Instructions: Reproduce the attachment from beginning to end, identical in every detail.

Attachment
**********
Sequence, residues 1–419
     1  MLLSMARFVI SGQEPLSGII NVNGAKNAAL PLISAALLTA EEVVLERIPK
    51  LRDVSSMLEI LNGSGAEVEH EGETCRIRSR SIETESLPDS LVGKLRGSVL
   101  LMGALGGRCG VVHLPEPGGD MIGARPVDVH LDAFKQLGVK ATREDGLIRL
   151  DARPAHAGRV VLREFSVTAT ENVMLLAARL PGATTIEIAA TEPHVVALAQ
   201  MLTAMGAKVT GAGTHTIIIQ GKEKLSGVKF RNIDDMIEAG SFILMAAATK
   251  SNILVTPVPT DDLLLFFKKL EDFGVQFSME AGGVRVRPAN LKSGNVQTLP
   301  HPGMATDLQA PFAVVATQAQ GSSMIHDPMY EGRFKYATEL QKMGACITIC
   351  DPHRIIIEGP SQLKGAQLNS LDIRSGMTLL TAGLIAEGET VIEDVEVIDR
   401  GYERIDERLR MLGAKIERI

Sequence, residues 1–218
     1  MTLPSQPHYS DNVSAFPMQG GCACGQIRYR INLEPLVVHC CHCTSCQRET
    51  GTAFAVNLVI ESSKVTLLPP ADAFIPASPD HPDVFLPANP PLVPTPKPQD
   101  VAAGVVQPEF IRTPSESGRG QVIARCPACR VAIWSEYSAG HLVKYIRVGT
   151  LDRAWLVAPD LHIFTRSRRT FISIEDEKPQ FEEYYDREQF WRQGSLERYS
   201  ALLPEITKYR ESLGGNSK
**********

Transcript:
Sequence, residues 1–419
     1  MLLSMARFVI SGQEPLSGII NVNGAKNAAL PLISAALLTA EEVVLERIPK
    51  LRDVSSMLEI LNGSGAEVEH EGETCRIRSR SIETESLPDS LVGKLRGSVL
   101  LMGALGGRCG VVHLPEPGGD MIGARPVDVH LDAFKQLGVK ATREDGLIRL
   151  DARPAHAGRV VLREFSVTAT ENVMLLAARL PGATTIEIAA TEPHVVALAQ
   201  MLTAMGAKVT GAGTHTIIIQ GKEKLSGVKF RNIDDMIEAG SFILMAAATK
   251  SNILVTPVPT DDLLLFFKKL EDFGVQFSME AGGVRVRPAN LKSGNVQTLP
   301  HPGMATDLQA PFAVVATQAQ GSSMIHDPMY EGRFKYATEL QKMGACITIC
   351  DPHRIIIEGP SQLKGAQLNS LDIRSGMTLL TAGLIAEGET VIEDVEVIDR
   401  GYERIDERLR MLGAKIERI

Sequence, residues 1–218
     1  MTLPSQPHYS DNVSAFPMQG GCACGQIRYR INLEPLVVHC CHCTSCQRET
    51  GTAFAVNLVI ESSKVTLLPP ADAFIPASPD HPDVFLPANP PLVPTPKPQD
   101  VAAGVVQPEF IRTPSESGRG QVIARCPACR VAIWSEYSAG HLVKYIRVGT
   151  LDRAWLVAPD LHIFTRSRRT FISIEDEKPQ FEEYYDREQF WRQGSLERYS
   201  ALLPEITKYR ESLGGNSK